I very fortunate to have people in my life who lift me up and say, "Kathryn - it will happen - one way or another." From the wonderful ladies who read this blog to the girls I see in morning at the gym to my coworker, amidst her own struggle, whom I cry to monthly when I receive the "It's negative" call. Thank you all.
I had one such friend for over for dinner on Friday, and no meal could have done this girl justice: she has listened to be bitch endlessly on work and health, and is one of the few people who makes work....well, doable. She is also one of the funniest, brightest and most insightful people I know. Oh, and she also accessorizes really well. It goes without saying I had to make a yummy meal for this friend.
I thought long and hard about make-ahead meals because we were both getting to my place at the same time. The only thing I could come up with lasagna, and I just wasn't feeling it. That week Matt had harvested the last of our basil from the garden - a good two-hands full of summertime sweet and green leaves. A new batch of pesto was born.
I cook with my dog and with music. Matt (brilliantly) installed speakers in the kitchen this summer and now I sashay with my spoons. Penny just waits for food.
I have learned the best pesto is made with roasted (in questionable amounts of olive oil) garlic. The garlic mellows and an enticing sweetness is added to the dish. And I admit: I plucked multiple cloves from the oil and ate them just like that.
Like a said, a lot of pesto was made. And even though you'd think this batch was positively PUNGENT with garlic, I swear, it was, if garlic can be, mellow.
I have no exact ratios: a large handful of basil, maybe a half cup of grated cheese (I used parm and romano), loads of garlic and, of course, the garlic-infused olive oil.
To save time, I roasted bell peppers, grape tomatoes and zucchini with the garlic and mixed everything the night before, having only to make the pasta the day of. I was a bit afraid things would get "mushy" but shrimp and roasted veggies are already mushy to begin with (right?), so I was good to go.
I thought it was only right to add MORE cheese to the already cheese-laden pesto dish. Because that's just what I do.
I marketed the get-together as a "Harvest Party" - the only thing harvesty about this summertime meal was my fake leaves and gourds strewn about the table. But, hey, I tried. And aren't these two dears? Yes, I really like them both.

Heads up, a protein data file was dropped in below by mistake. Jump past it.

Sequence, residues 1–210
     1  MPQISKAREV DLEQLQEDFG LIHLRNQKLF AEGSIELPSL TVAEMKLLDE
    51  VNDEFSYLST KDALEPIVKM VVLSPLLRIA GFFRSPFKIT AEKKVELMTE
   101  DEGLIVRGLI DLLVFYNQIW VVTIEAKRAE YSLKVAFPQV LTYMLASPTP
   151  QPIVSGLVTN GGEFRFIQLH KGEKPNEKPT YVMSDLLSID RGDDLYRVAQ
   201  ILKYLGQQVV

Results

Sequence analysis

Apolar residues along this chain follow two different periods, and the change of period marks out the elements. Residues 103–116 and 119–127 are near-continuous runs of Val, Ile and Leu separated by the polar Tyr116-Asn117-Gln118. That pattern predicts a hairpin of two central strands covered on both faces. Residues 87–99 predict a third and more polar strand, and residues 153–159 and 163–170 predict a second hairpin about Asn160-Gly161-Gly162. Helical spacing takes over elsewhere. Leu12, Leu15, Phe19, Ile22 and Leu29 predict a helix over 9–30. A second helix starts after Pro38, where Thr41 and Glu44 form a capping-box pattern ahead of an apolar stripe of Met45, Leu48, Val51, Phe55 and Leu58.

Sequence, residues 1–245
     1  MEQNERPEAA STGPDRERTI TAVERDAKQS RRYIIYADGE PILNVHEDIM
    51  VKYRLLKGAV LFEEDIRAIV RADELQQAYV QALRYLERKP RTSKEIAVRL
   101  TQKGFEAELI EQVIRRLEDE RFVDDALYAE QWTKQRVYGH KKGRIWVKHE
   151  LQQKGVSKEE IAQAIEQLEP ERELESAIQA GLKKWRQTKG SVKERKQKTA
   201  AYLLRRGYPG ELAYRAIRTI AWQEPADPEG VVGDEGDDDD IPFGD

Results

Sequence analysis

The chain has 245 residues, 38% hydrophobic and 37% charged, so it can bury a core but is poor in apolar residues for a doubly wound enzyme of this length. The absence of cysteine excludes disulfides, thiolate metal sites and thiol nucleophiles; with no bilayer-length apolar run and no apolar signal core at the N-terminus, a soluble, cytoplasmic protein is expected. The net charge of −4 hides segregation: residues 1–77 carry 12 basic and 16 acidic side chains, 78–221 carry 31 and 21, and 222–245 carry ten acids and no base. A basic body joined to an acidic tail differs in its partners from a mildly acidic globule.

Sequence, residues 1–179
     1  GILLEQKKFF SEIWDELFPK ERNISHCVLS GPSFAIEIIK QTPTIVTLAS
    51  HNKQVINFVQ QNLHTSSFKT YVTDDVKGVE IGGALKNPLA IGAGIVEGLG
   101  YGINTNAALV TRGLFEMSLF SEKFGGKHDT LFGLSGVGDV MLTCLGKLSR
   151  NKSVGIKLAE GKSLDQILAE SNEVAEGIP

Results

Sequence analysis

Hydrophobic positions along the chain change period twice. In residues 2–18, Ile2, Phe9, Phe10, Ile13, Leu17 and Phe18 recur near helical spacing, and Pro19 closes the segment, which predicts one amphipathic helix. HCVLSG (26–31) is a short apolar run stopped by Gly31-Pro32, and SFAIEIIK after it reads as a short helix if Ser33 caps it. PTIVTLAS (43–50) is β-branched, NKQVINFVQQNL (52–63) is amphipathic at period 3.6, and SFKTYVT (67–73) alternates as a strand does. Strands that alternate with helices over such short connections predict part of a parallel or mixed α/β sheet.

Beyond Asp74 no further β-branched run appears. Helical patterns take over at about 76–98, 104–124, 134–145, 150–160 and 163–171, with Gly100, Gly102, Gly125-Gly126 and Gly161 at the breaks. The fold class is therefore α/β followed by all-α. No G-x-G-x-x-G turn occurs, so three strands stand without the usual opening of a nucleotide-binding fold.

I put Matt in charge of dessert and he came up with funnel cakes. I was awe-struck with his genius and I think Danita was just as smitten. Oh, this one sorts of looks like an intestine, no? Thought it was a bit apt.
I debated over whether to include this photo because I look damn freaky, but thought it really just encapsulated the mood of the evening. And my serpent tongue.
Did I mention we ate three of these babies? It's sad but true. Another friend was supposed to come for the evening but had romantic plans with her boyfriend. When she found out we were having funnel cakes it presented a big quandary for her: long-planned big night out with said boyfriend, or funnel cake with us freaks? She chose the former, and I think it's fair to state Matt, Danita and I would say she chose wrong.
So, here are the tips: always roast your garlic for fabulous pesto. I buy a container of pre-peeled cloves at my local produce place. It's great for us lazy folk. Pre-peeled garlic is also great for mojo de ajo, Matt's favorite Mexican accompaniment (great on fish, veggies, anything). It's a good thing we both adore garlic and don't mind morning garlic burps. (Yes - this stuff really sticks, uh, with 'ya.)
Matt's Funnel Cakes (really from www.allrecipes.com)
- 2 eggs
- 1 1/2 cups milk
- 2 cups sifted all-purpose flour
- 1 teaspoon baking powder
- 1 teaspoon salt
- 2 cups vegetable oil
- 1/4 cup confectioners' sugar
- Sift together the flour, baking powder, and salt.
- In a large mixing bowl, stir together the eggs and the milk. Add flour mixture to the egg mixture, and beat with a mixer until smooth. The consistency should be thin enough to run through a small kitchen funnel. Test it, and if it is too thick beat in a little more milk; if too thin, beat in a bit more flour.
- In an eight inch skillet, heat the oil to 360 degrees F (182 degrees C).
- Put your finger over the bottom opening of the funnel, and fill the funnel with a generous 1/2 cup of the batter. Hold the funnel close to the surface of the oil, and release the batter into the oil while making a circular motion. Fry until golden brown. Use tongs and wide spatula to turn the cake over carefully. Fry the second side one minute. Drain on paper towels, and sprinkle with sifted confectioners' sugar.